During her time in Italy, Liz Gilbert focused on being able to be aware of the beauty that was around her. Although it’s known as her pursuit of pleasure, it was actually her time of coming to terms with being an individual and being able to enjoy life for the simple pleasure of being alive. The beauty of Rome. The taste of gelato. The gift of daily life and moments of solitude. Learning to be alone without being lonely.

Sitting, savoring, experiencing each moment in a way that is similar to experiencing the food we eat.

Job 11:12 Does not the ear test words as the tongue tastes food?

Well, no, quite often we don’t. We don’t really hear anything nor do we really taste anything.

If you are going to read Eat, Pray, Love, you must understand that Gilbert is not a Christian, beyond the sense of being born and raised in a culture affected by Christianity. She makes choices that I hope none of my friends would make. Yes, she leaves her marriage. Yes, she quickly falls into another relationship. No, I do not believe any of this glamorizes divorce. She shares her heartache and her agony. She shares the intense loneliness and guilt that she goes through. Her year abroad is not a result of wanting to leave her husband. It’s the result of realizing that she never learned to live life as an individual. Men were her addiction and she wanted to learn to be sober.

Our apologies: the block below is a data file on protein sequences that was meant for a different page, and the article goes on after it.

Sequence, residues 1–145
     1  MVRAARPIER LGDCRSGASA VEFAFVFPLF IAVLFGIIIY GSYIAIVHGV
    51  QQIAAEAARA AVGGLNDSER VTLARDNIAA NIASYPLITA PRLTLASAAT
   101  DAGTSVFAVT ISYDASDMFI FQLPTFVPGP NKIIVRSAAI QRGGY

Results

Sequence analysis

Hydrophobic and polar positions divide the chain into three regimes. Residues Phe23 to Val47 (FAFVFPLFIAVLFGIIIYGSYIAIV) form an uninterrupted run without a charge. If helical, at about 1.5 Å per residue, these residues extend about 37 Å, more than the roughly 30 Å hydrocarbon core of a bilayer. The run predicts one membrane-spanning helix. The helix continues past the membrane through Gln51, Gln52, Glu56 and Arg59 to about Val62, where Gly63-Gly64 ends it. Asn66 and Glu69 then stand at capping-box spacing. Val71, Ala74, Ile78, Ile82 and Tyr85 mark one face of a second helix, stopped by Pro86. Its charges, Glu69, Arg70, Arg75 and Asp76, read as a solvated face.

Facing your addictions is a noble quest. Learning to be OK with yourself and being present in your own life is a big first step.

Psalm 34:8 O taste and see that the LORD is good: blessed is the man that trusts in him.

You cannot give yourself to God if you do not know who you are.

Today, slow down a bit. Taste life. Savor the smell and taste of what’s in front of you. Don’t spend your time wondering about the next thing or last week or twenty years from now. Be where you are. Listen, taste, feel.

Eat.

While you’re waiting

This is a busy week so I don’t want to jump into writing about Eat, Pray, Love but neither do I want to lose you in the mean time.

So . . . go check out what Christianity Today’s Her.meneutics blog has to say about it. I haven’t read all of these, but it will give you something to think about for the next few days.